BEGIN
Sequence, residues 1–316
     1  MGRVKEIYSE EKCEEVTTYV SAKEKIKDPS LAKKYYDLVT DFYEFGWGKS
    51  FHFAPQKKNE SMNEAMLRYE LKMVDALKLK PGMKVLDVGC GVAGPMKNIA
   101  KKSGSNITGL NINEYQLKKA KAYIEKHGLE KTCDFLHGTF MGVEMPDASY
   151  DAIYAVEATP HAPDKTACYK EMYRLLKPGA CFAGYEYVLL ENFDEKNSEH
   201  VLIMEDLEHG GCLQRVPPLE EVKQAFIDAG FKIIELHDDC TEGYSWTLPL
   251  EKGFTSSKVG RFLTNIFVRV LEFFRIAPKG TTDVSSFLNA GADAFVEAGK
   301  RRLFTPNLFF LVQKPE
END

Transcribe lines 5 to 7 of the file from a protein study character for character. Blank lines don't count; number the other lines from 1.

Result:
   151  DAIYAVEATP HAPDKTACYK EMYRLLKPGA CFAGYEYVLL ENFDEKNSEH
   201  VLIMEDLEHG GCLQRVPPLE EVKQAFIDAG FKIIELHDDC TEGYSWTLPL
   251  EKGFTSSKVG RFLTNIFVRV LEFFRIAPKG TTDVSSFLNA GADAFVEAGK